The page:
As time goes by, there is increasing skepticism over the US government’s claim that North Korea was behind the Sony hack. Fabius Maximus has compiled an extensive list of knowledgeable people who have poured cold water on that hypothesis. But it may be too late to overcome this narrative if it turns out to be false. As Mark Twain famously said, “A lie can travel half way around the world while the truth is putting on its shoes.” The propaganda system depends upon this fact and that is why the US government quickly rushes out its version of events, knowing that the pliant US media will parrot it as fact and the public will accept it. The Bush administration’s WMD lie is the most recent example of this, though there are many others. Remember the Kuwait incubator story? Gulf of Tonkin?
Sam Biddle also rounds up another set of computer experts who are expressing skepticism that North Korea was behind that hack into Sony’s computer system.
All these experts point to various problems with the North Korea scenario, the chief one being that the supposedly offending film was not part of the original demands and only became part of the story three days after the original threat was released and the media had started speculating about the possibility that it may be the cause.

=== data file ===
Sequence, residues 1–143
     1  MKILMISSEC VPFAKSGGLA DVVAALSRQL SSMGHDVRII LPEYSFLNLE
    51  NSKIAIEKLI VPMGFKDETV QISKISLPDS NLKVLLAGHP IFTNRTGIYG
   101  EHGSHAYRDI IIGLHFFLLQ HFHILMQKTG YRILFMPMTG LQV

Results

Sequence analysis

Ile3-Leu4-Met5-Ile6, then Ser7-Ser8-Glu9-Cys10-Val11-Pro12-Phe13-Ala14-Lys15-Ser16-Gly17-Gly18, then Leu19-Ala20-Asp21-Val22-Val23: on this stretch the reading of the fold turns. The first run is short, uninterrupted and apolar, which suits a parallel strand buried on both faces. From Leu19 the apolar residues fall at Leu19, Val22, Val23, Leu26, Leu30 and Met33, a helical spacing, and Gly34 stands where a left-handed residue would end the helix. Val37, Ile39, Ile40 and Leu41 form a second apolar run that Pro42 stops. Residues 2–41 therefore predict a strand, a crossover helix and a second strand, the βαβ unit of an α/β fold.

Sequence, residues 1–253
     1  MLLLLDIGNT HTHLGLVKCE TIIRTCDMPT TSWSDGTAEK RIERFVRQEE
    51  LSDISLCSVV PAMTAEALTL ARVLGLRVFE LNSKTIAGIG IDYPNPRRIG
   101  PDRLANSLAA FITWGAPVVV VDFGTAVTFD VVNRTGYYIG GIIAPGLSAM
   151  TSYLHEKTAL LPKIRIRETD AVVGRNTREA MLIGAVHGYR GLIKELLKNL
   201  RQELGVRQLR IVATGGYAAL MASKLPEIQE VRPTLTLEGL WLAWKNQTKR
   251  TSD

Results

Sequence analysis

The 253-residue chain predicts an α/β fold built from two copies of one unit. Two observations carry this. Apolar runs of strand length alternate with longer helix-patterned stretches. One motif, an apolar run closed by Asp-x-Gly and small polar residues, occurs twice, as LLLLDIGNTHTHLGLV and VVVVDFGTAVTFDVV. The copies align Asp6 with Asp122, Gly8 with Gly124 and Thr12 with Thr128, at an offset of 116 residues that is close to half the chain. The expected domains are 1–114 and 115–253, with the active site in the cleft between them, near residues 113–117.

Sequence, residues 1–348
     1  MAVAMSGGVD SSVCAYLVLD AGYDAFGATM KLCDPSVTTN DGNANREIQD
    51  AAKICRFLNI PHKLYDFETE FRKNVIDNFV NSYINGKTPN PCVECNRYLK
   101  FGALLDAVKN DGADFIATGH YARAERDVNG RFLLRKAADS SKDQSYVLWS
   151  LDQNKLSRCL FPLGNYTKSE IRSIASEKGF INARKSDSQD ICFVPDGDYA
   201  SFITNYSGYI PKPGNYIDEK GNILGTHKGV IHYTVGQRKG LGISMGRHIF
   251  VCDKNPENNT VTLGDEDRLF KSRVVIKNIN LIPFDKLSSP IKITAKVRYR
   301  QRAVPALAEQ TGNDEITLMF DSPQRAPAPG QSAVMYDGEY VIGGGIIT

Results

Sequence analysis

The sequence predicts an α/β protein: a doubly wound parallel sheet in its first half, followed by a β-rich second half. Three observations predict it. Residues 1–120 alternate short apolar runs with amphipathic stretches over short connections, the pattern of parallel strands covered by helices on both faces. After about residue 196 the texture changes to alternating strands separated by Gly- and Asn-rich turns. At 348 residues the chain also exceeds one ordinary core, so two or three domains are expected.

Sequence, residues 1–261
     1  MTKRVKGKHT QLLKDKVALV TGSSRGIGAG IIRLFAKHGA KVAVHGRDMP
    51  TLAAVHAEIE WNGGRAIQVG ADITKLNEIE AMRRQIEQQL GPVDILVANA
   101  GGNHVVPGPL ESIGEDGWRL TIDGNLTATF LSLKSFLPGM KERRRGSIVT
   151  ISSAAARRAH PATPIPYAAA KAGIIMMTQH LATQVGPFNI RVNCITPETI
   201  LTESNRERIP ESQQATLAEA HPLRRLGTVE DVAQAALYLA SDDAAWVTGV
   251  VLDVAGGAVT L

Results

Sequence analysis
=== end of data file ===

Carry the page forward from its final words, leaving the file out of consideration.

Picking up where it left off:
Later threats also had poor English and Korean that experts say looked like attempts by someone trying to mimic what a Korean with a poor knowledge of the English language might write, and the Korean sounded like something run through a Google translation. The hackers (or people pretending to be the hackers, the whole thing is so confused by now so who the hell knows who is behind what) have released a new message stating that Sony can release the film provided they make changes. It looks to me like whoever these people are are enjoying themselves at Sony’s expense.
What worries me is that with the US government quickly fingering North Korea might set in motion a dynamic where people start braying for revenge against that country and demand that action be taken on the basis of unsubstantiated allegations.
Now we learn that North Korea’s internet connection with the rest of the world went dark, though it came back later. Was this retaliation by the US? By a private hacker group that believed the US claims and decided to strike back? By North Korea shutting things down to prevent retaliation? Who knows?
It is also possible that one private group of hackers pretending to be North Korea triggers retaliation by another private group of hackers pretending to be the US, and we end up causing the two nations to engage in a full-bore conflict.
But given the highly uncertain nature about who is doing what to whom and why, it would be a good idea for everyone to go easy on the speculations until we have firm information. And to bear in mind that ultimately we are dealing with a hack into what seems like a corporation’s poorly defended computer system, not Hitler invading Poland, and deal with it accordingly.